The Phoenix Coyotes are on the chopping block. No really, they are. Yell at me and threaten me all you like, stick your head in the sand in denial, but it will happen eventually. The Coyotes are being matched or exceeded in attendance by their ECHL affiliate the Gwinnett Gladiators (who pulled 10,082 at a home game on February 4th). The only reason they’re still in Glendale is that the city counsel has forked over a total of $50 million in taxpayers’ money over the past two years to keep the team there. No one local wants to buy them because they’re a poor business venture. These facts may sound like insults to some of you, but it’s time for some real talk about relocation.
I am/was an Atlanta Thrashers fan so I have a pretty good idea of how this rolls. I could sit here and tell you it should’ve been the Coyotes going back to Winnipeg, but I could also give you a million reasons why the Thrashers deserved relocation too. Instead, I’ll just offer up some friendly advice: been there, dealt with that, the world doesn’t end when it’s over. Trust me. It doesn’t. Not for fans, anyway.
For a passionate fan it’s definitely not a fun time, because you actually care about that mismanaged, falling-apart mess of a team. Your social life is centered around going to games. The media’s getting everything wrong and it feels like all of Canada is breathing down your neck. Suddenly you want to spout off hateful things about maple syrup and lumberjacks.
There are more mystery “potential buyers” than you can shake a stick at and some local sports hero just came forward saying he’s “interested in finding buyers” but doesn’t want to help buy the team himself. You get your hopes up every time a little tidbit comes out, only to have those hopes dashed all over again. It’s like the worst high school break-up ever times a thousand, and the Canadian media came to gawk at you (how dare they).
Before you rage against the injustices of it all in a series of ill-timed tweets please, please get some perspective. What you as a fan have to lose in this business — because it is a business after all — is miniscule when put up against what organization employees and players will most definitely lose.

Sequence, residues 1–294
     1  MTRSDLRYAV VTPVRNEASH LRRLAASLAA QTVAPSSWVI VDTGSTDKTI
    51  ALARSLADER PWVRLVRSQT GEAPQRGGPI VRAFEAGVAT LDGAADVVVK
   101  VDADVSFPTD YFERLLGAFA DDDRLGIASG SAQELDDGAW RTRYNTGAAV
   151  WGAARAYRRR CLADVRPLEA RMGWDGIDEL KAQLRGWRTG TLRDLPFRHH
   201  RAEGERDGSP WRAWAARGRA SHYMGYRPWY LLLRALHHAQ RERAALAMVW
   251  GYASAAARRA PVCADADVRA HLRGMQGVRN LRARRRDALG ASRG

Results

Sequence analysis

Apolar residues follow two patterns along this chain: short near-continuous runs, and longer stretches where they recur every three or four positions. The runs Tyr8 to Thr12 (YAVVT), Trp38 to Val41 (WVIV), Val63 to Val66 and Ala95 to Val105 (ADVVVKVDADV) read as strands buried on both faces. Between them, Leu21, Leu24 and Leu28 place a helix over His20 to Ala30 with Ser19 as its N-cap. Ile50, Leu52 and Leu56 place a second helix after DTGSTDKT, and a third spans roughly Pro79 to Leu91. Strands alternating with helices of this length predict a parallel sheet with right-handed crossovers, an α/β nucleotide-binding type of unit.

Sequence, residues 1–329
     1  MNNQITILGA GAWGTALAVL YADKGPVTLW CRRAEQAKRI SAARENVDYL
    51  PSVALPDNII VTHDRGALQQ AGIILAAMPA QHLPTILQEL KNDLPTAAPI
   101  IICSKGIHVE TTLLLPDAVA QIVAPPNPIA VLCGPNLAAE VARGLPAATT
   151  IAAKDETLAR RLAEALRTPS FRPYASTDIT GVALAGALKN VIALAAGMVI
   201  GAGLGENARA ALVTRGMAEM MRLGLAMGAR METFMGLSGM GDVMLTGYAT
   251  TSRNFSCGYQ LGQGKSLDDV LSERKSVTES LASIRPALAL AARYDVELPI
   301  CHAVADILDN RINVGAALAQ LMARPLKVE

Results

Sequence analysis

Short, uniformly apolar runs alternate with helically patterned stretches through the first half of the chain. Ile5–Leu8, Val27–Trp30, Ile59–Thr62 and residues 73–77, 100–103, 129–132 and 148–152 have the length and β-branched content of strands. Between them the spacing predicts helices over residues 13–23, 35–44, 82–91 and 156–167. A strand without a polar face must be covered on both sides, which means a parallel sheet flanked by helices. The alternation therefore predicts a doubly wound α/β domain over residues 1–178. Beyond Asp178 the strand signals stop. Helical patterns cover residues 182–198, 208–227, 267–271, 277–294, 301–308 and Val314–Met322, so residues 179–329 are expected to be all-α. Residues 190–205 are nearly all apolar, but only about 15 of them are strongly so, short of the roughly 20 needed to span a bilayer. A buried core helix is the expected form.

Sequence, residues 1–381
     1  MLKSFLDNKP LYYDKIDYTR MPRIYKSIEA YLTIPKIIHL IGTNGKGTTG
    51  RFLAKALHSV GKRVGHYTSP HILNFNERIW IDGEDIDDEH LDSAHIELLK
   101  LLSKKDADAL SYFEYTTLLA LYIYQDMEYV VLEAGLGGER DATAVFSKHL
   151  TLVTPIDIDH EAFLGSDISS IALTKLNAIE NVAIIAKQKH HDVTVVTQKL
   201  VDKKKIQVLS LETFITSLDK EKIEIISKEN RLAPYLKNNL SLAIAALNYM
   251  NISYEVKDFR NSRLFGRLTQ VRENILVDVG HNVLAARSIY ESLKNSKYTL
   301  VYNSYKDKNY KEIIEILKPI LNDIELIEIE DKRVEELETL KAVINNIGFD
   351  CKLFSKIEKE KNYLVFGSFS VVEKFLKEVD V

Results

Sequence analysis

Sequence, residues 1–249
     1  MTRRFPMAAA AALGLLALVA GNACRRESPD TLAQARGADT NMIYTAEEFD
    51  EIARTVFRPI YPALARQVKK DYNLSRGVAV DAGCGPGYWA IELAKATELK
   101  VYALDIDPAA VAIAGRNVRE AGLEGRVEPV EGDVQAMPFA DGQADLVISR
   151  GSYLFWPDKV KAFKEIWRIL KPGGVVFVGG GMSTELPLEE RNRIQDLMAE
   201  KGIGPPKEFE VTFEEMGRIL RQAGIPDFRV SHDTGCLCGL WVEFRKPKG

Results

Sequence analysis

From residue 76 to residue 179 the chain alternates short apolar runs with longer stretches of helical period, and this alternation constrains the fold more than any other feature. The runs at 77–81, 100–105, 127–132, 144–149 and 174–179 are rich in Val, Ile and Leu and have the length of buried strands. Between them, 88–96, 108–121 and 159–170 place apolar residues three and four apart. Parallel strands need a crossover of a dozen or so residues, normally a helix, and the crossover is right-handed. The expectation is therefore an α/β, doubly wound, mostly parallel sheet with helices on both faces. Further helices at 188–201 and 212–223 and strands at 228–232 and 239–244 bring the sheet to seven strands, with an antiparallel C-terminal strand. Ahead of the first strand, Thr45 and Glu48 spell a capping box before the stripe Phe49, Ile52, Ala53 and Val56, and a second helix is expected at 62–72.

In Atlanta, I witnessed up close and personal the employees who found themselves out of a job because the new ownership didn’t want them or moving to Winnipeg was out of the question. There were also the players who had built lives here with their families, and were faced with either uprooting their familes or maintaining long distance marriages. By comparison, I was losing very little as a fan.
Another thing to remember is that team relocations happen for a reason. In Atlanta’s case it was absentee owners and poor management among a myriad of other reasons I won’t bore you with here. Fans stopped showing up until eventually it was just the crazy die hards and the transplants who turned out to see their respective home teams. Eventually the absentee owners got tired of losing money hand over fist, so they found a buyer and well, you know the rest. Relocation doesn’t just happen because Gary Bettman is evil, as much as we would like that to be the case.
Looking at the situation intelligently is a lot better than sticking your fingers in your ears and going lalalala. Okay, so I did the latter for a while last year, but eventually reality sinks in and frankly, you can be the bitter a-hole fan about it or you can use your hockey smarts to comment on the situation. One of these things will keep you loving the game past when relocation happens. Don’t be “that guy” ranting and whining about how you didn’t deserve to be “robbed” of your team. Enough of those guys get together and you have a roving gang of Nordiques fans protesting at every arena within driving distance. None of that, please.